Posted on April 17, 2020 by Rabbi Arnie Gluck
This week has been very painful, as losses have mounted. Loss during this crisis has come in many forms. First and foremost, in the tragic and devastating loss of life. Our hearts go out in sympathy to all who mourn the passing of loved ones or friends, and we pray for the souls of the departed.
Other forms of loss may seem to pale in comparison, but they are nonetheless significant and painful. Some have lost their livelihoods and are struggling to provide for themselves and their families. To them we must provide succor and tzedakah, as individuals, as a community, and as a nation. If you are in need, please reach out to me so we can help as we are able.
Others have been forced to postpone or cancel significant life events from graduations to great adventures, and lifecycle celebrations such as weddings, b’nei and b’not mitzvah ceremonies, confirmations, birthday and anniversary celebrations, and so much more.
This has been a week of cascading cancellations and deepening disappointments as our horizons have been narrowed and our freedom of movement and interaction has continued to be curtailed by the spread of the coronavirus. In one form or another, all of us are experiencing grief. All of us are mourning losses. All are in need of healing.
Among those who have fallen prey to this terrible virus is our neighbor and friend Margit Feldman z”l who survived Auschwitz and a death march before being liberated from Bergen Belsen. Margit lost most of her family in the Holocaust, but she never lost hope. She emerged from the depths of evil with her faith intact and went on to be an inspiring teacher, an advocate of Holocaust remembrance, and a role model of resilience. Her kind, loving presence has left an indelible mark on me and on all those who were blessed to have known her.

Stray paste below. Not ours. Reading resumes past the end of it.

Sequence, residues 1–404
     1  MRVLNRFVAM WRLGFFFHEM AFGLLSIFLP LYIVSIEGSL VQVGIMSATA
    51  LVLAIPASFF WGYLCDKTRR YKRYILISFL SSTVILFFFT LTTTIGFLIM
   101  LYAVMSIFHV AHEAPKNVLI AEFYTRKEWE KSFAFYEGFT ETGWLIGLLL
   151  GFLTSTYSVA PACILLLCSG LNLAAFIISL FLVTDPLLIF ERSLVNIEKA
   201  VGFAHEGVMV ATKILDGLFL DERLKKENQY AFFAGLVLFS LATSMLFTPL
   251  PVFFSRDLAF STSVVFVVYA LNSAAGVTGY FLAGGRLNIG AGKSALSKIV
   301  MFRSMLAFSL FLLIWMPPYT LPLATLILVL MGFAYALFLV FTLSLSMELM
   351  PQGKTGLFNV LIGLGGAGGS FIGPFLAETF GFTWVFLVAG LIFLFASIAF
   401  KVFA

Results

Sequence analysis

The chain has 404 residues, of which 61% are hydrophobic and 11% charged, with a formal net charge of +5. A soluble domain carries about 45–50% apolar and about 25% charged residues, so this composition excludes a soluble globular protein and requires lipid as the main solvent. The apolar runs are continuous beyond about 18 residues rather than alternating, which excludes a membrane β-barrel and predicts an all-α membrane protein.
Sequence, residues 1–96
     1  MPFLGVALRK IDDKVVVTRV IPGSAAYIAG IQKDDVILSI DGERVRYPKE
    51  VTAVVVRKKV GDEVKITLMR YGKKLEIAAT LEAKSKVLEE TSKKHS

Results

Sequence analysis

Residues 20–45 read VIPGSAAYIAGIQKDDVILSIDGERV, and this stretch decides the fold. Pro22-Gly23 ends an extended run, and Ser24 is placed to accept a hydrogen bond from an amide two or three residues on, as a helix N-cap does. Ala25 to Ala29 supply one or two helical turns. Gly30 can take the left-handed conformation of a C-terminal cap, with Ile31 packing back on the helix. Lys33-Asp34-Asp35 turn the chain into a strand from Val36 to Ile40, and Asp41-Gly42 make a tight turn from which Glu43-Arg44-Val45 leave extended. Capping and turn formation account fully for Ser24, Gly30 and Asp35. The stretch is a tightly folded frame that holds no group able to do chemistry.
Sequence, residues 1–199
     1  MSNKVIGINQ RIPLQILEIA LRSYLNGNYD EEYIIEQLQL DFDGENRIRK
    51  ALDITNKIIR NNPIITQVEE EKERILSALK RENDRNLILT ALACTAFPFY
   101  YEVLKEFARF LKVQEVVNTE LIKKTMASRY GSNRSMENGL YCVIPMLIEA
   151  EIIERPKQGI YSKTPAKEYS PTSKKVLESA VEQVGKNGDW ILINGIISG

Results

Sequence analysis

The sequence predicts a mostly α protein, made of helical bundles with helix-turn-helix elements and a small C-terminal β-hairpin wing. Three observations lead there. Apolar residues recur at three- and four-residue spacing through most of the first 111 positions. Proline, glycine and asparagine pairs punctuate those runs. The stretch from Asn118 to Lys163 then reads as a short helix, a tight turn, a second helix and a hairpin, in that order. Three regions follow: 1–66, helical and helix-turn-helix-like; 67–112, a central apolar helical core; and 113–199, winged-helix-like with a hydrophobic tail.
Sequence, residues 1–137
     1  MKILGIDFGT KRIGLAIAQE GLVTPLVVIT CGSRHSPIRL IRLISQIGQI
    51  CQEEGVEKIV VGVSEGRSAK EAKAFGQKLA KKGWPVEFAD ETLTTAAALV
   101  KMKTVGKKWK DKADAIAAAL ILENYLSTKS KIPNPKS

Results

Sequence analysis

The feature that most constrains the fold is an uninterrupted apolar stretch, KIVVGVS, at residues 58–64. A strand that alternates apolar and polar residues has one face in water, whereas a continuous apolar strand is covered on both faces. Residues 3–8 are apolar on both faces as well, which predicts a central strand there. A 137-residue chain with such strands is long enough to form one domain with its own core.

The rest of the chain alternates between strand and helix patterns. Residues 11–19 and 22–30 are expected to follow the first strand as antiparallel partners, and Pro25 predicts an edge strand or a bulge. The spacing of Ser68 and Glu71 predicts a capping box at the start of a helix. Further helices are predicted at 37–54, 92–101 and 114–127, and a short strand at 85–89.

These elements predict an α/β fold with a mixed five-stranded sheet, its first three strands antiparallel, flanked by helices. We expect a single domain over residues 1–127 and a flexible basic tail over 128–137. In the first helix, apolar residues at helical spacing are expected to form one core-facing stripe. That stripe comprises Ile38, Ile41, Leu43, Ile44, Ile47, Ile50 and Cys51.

Margit was buried today by a small circle of her family, but her spirit lives on and has what to teach us at this time of trial. Whatever we may lose to this horrific pandemic, hope and faith and love will endure, and they will see us through whatever may come if we cling to them and are steadfast in our resolve, as Margit was. Let this be our banner, and let us hold it high, come what may.
Among the sources of strength and renewal that can help us to heal is the gift of Shabbat that will soon arrive. Shabbat is a sign between us and God that the world is God’s creation filled with goodness and love. Shabbat is a foretaste of the time in which our world will be perfected, and all will live in peace and harmony – a time of complete healing. As Shabbat arrives, mourners take off their torn garments to enter a time of transcendence in which death holds no sway.
Neither death nor the coronavirus cancels Shabbat. Shabbat cancels the dominion of death and fear and loss upon our souls, if we welcome it into our hearts and souls. So, as the sun sets, let us join together in warm embrace (whether physically or virtually) to feel deeply the love we need to calm our spirits and ease our pain. Much has been lost, but faith and hope and love will live in our hearts until healing comes.
May you be blessed with Shabbat peace and joy and rest.
Rabbi Arnie Gluck